Sunday, April 15, 2007
Remembering Jackie Robinson
All across America, people today are celebrating the fact that Jackie Robinson broke baseball’s color barrier 60 years ago.
Six decades later, Robinson’s legend lives on. Not only did he open the door in Major League Baseball, he also paved the way for people throughout our great land to achieve their goals regardless of race.
There are Jackie Robinson’s in every corner the United States. Even in your neighborhood, I’m sure there are people making a difference in race relations.
One of the more impressive stories in San Diego County is happening in the mountain-like community of Alpine. Two years ago, Coyvell "C.J." Jackson began making an impact by becoming the first African-American church pastor in the community of about 18,000 people.
Jackson started a church called On The RISE, an acronym for Relationships, Intentionality, Servanthood and Empowerment. Since beginning the church in the predominantly-white community, Jackson’s congregation has more than quadrupled in size. (More information on his congregation is available at www.ontherisechurch.com.)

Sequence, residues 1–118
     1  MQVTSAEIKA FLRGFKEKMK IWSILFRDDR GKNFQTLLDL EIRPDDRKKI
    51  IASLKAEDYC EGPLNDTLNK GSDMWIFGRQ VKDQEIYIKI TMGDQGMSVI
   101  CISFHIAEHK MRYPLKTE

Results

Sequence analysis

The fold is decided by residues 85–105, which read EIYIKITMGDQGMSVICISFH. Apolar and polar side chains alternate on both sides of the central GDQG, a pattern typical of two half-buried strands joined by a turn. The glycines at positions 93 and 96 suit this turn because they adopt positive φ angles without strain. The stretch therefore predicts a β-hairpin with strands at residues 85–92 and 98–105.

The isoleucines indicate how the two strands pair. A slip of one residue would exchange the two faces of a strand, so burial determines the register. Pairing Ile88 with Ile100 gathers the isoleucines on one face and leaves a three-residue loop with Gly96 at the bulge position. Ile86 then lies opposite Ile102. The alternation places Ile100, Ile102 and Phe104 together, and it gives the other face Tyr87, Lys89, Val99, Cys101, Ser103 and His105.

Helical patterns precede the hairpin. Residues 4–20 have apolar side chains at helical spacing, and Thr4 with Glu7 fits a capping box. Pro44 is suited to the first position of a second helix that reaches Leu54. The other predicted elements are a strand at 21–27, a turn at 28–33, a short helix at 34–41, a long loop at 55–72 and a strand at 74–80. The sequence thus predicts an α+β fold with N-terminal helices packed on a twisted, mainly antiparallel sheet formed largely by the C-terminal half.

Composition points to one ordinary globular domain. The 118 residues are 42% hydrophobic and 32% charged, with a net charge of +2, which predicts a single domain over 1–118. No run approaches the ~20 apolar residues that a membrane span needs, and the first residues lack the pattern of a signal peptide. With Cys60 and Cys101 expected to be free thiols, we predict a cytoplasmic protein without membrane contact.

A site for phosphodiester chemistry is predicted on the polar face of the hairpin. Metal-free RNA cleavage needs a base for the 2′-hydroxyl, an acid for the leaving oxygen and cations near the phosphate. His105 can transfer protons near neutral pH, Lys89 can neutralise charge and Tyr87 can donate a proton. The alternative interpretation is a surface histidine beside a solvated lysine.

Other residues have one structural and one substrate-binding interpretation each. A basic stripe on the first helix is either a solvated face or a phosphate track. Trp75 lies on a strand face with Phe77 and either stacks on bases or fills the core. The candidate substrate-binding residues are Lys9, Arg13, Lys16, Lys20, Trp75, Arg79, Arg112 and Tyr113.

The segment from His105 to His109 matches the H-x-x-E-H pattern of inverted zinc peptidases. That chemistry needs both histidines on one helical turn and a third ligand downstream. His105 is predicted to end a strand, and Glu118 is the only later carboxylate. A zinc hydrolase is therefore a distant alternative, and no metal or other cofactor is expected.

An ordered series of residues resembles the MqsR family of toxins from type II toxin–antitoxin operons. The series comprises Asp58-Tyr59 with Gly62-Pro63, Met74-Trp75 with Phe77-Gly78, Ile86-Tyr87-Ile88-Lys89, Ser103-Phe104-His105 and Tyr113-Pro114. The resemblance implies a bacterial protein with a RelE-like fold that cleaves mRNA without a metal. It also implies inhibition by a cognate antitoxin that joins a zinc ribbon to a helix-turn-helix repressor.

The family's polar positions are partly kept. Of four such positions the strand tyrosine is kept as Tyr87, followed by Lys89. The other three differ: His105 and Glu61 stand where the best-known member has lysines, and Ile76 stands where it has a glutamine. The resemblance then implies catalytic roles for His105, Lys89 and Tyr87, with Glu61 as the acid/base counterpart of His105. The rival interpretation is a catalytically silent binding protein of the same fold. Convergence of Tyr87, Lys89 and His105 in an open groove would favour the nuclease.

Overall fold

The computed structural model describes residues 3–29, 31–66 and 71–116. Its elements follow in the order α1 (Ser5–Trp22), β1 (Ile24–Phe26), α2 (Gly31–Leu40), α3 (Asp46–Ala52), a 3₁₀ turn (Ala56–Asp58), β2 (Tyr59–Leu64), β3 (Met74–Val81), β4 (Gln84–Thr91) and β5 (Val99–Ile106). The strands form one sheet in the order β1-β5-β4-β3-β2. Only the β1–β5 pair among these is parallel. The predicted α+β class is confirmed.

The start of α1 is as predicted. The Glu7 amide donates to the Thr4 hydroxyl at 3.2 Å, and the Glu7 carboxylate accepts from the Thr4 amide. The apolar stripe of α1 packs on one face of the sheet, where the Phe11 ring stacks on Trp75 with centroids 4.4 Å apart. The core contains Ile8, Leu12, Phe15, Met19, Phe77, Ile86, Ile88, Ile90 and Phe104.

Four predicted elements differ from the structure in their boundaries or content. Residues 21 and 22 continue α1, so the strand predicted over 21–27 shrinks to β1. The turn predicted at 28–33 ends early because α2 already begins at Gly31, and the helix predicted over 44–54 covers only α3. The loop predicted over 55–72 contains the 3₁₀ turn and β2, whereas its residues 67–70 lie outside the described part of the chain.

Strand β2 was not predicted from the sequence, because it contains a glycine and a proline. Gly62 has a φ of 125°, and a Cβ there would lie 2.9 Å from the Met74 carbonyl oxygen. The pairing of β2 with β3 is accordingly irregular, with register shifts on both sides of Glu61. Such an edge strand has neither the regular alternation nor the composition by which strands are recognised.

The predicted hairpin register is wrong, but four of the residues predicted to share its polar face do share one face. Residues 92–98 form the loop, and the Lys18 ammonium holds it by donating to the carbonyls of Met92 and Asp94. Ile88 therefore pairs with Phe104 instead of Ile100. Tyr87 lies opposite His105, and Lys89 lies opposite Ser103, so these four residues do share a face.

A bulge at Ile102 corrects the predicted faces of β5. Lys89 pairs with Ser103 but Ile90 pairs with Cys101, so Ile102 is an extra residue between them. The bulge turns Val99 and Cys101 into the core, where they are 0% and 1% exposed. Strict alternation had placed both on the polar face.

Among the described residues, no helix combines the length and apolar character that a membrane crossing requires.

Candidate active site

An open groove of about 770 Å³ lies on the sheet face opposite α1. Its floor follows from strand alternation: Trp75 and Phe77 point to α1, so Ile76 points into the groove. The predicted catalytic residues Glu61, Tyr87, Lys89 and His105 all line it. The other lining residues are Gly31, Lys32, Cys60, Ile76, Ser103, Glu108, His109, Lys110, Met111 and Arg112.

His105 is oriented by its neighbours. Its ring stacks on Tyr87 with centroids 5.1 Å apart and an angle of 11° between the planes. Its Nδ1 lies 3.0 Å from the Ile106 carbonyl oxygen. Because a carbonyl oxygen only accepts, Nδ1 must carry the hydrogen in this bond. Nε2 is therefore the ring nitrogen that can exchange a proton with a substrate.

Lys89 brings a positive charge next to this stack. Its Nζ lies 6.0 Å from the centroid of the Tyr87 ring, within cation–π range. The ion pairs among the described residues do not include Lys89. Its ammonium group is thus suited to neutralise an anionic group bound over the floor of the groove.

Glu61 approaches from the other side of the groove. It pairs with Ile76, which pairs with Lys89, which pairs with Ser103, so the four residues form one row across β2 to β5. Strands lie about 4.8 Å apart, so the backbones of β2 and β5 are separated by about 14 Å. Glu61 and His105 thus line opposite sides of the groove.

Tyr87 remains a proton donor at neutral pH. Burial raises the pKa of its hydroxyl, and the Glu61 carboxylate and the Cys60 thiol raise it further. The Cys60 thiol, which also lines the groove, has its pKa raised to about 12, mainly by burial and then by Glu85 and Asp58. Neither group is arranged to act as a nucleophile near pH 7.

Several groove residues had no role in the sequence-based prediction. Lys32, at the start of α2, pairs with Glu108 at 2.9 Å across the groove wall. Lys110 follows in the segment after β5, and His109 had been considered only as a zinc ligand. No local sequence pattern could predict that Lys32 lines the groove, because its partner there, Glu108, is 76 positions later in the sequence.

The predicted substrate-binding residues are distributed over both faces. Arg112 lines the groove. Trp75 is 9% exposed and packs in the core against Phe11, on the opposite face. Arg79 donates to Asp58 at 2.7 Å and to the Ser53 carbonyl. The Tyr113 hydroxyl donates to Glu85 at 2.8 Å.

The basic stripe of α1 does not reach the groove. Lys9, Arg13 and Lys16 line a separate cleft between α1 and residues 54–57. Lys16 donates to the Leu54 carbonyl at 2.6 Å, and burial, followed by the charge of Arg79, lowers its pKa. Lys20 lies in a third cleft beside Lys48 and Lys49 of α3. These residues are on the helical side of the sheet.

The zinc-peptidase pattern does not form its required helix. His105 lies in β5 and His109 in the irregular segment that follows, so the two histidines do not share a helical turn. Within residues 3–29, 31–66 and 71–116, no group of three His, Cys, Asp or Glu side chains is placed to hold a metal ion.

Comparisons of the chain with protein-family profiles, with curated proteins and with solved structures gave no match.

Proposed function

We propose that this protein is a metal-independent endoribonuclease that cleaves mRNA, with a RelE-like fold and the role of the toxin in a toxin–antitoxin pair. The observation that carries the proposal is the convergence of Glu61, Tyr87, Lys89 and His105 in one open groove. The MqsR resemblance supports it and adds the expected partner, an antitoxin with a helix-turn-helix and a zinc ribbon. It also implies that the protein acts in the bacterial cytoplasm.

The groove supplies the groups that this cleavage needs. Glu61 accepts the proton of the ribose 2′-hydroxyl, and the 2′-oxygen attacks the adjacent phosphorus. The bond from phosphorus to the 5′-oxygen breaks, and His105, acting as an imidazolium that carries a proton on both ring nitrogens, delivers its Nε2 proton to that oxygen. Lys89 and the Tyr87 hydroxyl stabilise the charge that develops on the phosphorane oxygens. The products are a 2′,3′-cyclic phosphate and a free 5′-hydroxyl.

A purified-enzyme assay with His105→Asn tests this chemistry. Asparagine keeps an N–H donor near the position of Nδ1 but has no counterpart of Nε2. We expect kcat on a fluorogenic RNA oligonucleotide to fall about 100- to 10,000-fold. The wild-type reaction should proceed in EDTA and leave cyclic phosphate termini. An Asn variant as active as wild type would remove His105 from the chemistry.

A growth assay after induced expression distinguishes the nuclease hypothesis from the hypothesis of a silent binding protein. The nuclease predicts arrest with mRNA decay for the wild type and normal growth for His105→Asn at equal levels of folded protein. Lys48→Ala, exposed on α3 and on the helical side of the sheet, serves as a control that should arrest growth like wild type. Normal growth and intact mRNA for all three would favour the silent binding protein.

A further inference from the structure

According to the 2000 census, only 0.83% of Alpine residents were African-American at the turn of the millennium. The racial makeup then was 90.78% White, 0.83% African-American, 1.17% Native American, 1.98% Asian, 0.21% Pacific Islander, 2.86% from other races, and 2.18% from two or more races.
Jackson’s congregation is primarily white, but it also includes Hispanics and African-Americans. The non-denominational church furthers its diversity by having worshippers from such backgrounds as Catholic, Lutheran, Baptist, Church of Christ and charismatic.
Jackie Robinson would have been proud of those continuing his fight for equality in America. Count C.J. Jackson among those continuing to pave the way for blacks to make a difference in their community.